2)  In GetExternal we're not sure what.  Compartment of the caller if called from JS, but
    otherwise we're ending up with a null compartment.  We should probably just make
    CaptureCurrentStack() return null if not in a compartment...  That said, the fact that
    this is a callback at all is an implementation detail.  Passing null here, with a
    comment, would be ok with me.
3)  nsJSScriptTimeoutHandler::Init... I think that code is basically dead.  We should kill
    it off; file a followup bug please?
4)  In CastableObjectUnwrapper, we're using the caller compartment, which makes sense:
    this is us creating a return value.  Really, though, the fact that this is a callback
    at all is an internal implementation detail.  I would be just fine with us passing a
    null cx here, as in item 2.
5)  In CGCAllbackTempRoot, we're using the caller compartment, which makes sense.
6)  In genConstructorBody, the situation is just like item 4.
7)  Same thing in the CGJSImplClass code.  In fact, if we decide we're OK with null in
    item 2/4/6, then we can just not take a JSContext in the constructor at all for the
    JSImplClass stuff, and just pass on null to the CallbackInterface constructor when we
    invoke that. That would incidentally help you with the situation with
    TestCImplementedInterface/TestJSImplInterface3/TestJSImplInterface6, none of which
    would need JSContext argument.
8)  In DataStoreService, same thing as items 2/4/6.
9)  In SetEventHandler, aCx is in the caller compartment, which makes sense.
10) In CompileEventHandlerInternal, I'm not sure the concept of a stack really makes
    sense; the stack there is more or less random (i.e. whoever happened to trigger the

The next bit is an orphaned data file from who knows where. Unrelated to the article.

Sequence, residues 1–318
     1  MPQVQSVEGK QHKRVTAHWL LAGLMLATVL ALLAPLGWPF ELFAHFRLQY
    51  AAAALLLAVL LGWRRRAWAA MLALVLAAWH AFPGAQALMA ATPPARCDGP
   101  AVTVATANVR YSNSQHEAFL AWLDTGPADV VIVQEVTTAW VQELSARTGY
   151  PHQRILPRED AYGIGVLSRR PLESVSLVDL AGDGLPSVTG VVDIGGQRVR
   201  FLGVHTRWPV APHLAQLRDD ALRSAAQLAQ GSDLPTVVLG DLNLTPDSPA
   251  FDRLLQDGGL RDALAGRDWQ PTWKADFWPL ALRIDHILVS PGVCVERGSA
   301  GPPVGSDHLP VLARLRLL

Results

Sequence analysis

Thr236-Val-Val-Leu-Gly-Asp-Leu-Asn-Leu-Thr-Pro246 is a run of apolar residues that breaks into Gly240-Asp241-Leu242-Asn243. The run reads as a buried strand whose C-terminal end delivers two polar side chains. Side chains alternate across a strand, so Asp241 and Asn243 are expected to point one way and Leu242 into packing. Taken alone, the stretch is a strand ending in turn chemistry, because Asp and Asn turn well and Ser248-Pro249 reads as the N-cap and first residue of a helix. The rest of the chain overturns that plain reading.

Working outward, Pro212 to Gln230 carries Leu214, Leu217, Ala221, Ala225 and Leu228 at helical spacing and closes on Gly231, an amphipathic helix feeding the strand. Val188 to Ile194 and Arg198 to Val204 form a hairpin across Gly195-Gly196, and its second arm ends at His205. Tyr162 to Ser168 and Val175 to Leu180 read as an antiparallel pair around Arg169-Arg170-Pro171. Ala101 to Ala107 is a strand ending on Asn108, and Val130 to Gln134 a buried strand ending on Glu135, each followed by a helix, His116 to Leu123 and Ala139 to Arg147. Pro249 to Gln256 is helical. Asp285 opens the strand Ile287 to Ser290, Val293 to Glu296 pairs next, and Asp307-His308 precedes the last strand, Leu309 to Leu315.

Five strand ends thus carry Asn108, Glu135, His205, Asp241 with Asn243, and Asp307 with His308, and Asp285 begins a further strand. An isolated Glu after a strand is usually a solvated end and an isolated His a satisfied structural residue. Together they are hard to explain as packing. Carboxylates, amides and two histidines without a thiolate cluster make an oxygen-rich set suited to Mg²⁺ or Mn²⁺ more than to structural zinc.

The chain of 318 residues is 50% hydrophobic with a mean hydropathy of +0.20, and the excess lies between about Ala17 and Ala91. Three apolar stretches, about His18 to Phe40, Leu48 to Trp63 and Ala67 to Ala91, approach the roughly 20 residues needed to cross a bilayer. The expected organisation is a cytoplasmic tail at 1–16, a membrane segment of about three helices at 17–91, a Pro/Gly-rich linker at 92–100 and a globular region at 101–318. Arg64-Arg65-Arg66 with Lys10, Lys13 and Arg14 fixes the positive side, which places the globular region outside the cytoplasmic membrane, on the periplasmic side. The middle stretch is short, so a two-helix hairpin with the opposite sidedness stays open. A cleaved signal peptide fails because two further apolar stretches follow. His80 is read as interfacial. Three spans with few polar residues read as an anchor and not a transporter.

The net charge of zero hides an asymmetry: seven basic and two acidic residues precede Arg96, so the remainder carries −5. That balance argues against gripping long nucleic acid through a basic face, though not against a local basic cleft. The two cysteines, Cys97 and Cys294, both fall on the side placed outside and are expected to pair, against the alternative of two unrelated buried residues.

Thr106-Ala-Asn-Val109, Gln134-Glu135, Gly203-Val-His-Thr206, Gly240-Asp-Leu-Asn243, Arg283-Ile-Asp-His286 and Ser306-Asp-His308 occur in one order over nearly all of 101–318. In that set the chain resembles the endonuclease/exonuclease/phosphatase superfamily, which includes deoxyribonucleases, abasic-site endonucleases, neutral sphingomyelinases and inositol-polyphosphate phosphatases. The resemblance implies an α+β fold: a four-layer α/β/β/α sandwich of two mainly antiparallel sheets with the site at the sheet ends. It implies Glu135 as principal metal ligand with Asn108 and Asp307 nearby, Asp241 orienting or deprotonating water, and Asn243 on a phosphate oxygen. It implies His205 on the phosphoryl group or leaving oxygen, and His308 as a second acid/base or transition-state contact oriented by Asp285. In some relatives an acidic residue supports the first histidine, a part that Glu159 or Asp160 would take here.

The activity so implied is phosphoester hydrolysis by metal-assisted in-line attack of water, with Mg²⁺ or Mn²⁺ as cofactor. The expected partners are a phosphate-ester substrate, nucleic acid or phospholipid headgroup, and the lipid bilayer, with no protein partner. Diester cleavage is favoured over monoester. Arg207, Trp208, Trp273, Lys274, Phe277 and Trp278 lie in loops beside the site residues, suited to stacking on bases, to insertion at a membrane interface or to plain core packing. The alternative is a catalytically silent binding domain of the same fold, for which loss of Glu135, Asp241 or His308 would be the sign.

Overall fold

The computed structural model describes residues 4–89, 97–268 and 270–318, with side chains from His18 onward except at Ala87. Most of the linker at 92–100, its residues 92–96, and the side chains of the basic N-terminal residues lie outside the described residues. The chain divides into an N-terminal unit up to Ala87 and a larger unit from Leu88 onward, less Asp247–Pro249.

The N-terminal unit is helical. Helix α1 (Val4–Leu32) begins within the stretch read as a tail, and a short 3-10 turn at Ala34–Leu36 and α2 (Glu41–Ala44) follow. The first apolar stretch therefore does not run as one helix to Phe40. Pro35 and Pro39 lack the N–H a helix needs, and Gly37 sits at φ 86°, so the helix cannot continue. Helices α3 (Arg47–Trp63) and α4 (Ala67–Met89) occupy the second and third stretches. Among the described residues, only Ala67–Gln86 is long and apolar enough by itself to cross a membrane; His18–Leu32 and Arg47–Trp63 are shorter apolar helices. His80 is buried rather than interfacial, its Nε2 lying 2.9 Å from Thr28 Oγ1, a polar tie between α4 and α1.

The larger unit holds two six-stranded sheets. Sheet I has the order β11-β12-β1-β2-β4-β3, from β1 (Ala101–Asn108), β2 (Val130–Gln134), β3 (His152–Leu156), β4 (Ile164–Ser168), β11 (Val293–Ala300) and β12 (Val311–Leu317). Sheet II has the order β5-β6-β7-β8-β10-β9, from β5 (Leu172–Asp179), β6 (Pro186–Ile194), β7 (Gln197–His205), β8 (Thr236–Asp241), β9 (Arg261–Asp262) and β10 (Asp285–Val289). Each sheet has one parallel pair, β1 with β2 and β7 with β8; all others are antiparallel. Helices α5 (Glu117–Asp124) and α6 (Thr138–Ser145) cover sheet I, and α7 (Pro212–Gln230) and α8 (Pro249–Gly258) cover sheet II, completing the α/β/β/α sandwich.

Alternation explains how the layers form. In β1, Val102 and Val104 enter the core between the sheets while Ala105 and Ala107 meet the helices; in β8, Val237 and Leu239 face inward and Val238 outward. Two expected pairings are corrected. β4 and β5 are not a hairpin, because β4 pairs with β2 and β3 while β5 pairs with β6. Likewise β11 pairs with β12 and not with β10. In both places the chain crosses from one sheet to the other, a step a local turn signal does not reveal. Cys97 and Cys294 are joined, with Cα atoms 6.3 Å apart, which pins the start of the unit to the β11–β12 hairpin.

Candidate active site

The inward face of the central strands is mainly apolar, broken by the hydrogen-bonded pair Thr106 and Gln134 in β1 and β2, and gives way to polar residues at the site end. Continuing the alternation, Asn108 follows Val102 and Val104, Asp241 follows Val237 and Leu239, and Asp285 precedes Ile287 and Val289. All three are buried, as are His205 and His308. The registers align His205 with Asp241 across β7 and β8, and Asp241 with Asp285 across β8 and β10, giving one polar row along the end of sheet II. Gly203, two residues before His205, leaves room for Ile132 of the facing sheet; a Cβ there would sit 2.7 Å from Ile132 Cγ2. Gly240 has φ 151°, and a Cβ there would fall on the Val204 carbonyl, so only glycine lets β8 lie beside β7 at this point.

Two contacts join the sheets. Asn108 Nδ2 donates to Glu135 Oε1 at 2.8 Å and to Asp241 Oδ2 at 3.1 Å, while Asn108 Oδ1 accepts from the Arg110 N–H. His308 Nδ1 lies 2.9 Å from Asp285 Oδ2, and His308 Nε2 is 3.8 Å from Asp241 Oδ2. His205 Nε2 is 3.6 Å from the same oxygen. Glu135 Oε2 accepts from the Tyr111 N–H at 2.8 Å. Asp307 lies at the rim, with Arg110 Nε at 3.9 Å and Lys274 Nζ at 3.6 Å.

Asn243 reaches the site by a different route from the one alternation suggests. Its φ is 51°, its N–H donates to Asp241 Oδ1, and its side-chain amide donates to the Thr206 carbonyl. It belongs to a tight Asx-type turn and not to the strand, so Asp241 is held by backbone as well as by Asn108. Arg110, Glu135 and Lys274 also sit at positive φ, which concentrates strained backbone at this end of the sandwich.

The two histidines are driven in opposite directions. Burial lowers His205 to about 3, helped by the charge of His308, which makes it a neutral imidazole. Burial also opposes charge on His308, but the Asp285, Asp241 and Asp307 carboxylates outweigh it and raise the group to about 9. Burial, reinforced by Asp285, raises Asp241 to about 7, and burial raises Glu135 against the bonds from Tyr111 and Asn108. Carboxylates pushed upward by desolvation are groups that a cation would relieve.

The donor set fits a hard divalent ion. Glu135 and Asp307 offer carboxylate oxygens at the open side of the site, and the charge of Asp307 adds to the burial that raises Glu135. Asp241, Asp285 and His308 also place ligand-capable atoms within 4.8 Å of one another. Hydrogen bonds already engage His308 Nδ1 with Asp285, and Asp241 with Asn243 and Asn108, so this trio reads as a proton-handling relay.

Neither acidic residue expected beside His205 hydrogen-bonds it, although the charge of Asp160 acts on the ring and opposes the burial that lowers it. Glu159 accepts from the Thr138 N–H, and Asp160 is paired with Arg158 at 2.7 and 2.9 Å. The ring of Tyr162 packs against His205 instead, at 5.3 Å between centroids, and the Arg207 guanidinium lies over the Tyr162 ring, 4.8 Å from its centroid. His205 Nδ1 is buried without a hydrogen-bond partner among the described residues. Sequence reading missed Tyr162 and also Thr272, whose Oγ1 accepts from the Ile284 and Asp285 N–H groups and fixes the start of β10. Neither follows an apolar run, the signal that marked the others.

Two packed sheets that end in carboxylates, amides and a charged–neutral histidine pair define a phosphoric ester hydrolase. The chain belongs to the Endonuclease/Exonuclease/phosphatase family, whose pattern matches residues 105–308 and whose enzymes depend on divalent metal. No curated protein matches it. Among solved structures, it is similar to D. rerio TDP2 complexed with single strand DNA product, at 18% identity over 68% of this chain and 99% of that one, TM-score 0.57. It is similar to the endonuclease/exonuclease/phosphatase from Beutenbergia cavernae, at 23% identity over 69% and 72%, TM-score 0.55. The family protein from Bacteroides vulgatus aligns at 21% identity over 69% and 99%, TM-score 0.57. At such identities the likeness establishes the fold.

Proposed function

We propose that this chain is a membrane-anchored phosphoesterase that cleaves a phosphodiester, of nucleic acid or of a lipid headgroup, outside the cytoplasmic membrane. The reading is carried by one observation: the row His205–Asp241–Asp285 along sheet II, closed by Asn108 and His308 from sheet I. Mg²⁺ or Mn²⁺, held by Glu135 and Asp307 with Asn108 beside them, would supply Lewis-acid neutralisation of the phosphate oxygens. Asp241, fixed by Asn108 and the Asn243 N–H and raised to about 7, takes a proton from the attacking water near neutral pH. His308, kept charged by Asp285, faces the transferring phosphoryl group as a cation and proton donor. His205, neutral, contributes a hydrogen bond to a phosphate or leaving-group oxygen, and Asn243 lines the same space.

event first).  Passing null here would make some sense to me.
11) In Promise::ResolveInternal... I'm not sure how much sense it makes to capture a stack
    there.  Typically that stack is not particularly helpful.  If we do decide we want to
    do this, I would prefer us making the MaybeResolve signature that takes a JSContext
    protected so we can make sure that callers aren't getting it wrong (and fix the
    callers to use the one-arg form of MaybeResolve instead).
12) ServiceWorkerRegistrationMainThread::GetPushManager is like items 2/4/6/8.
13) In nsXBLPrototypeHandler, the stack is basically whatever triggered the event, which
    doesn't seem like what we'd really want there.  We should just pass null.
This patch compiles.  It does not capture the stack at all, it just
arranges to pass a JSContext to the CallbackObject constructor.

The bad news is that this patch has a performance regression on the _3
test case we were discussing.  For example when run with N=150, it
goes from 70.87 to 73.2.  It also regresses performance on the _6 test
a bit; for N=150 it goes from 19.63 to 20.1.

Note this patch is also incorrect, as it doesn't let us correctly
capture the async stack when 'window.addEventListener' is called.  I
was too eager removing some of the Codegen.py changes -- just because
I'm hacking around without really understanding the generator; and
also since it seems like there is enough information now to decide
whether this is worth pursuing.

I would be interested in whether others observe the performance
regression as well, and of course whether I should fix up the final
buglet.
Attachment #8623033 - Attachment is obsolete: true
The post-review patch, rebased on top of the JSContext patch, and also
avoiding the use of AutoJSAPI.

As noted earlier, the tests don't all pass.
Attachment #8620389 - Attachment is obsolete: true
Attachment #8621129 - Attachment is obsolete: true
> The bad news is that this patch has a performance regression on the _3
> test case

That's fairly surprising.  What are the error bars on those numbers that were measured?
(In reply to Boris Zbarsky [:bz] from comment #55)
> > The bad news is that this patch has a performance regression on the _3
> > test case
> 
> That's fairly surprising.  What are the error bars on those numbers that
> were measured?

The first batch are the baselines.
The second batch are with the patch applied.

Test  N     Mean    StdDev
_3    1     61.54   2.00
_3    150   71.96   2.00
_6    1     20.76   2.65
_6    150   20.62   3.04

_3    1     64.36   1.90
_3    150   74.82   3.25
_6    1     22      4.55
_6    150   21.74   3.69
OK, so pretty significant overlap between those ranges, though the new mean doesn't lie within the old stddev...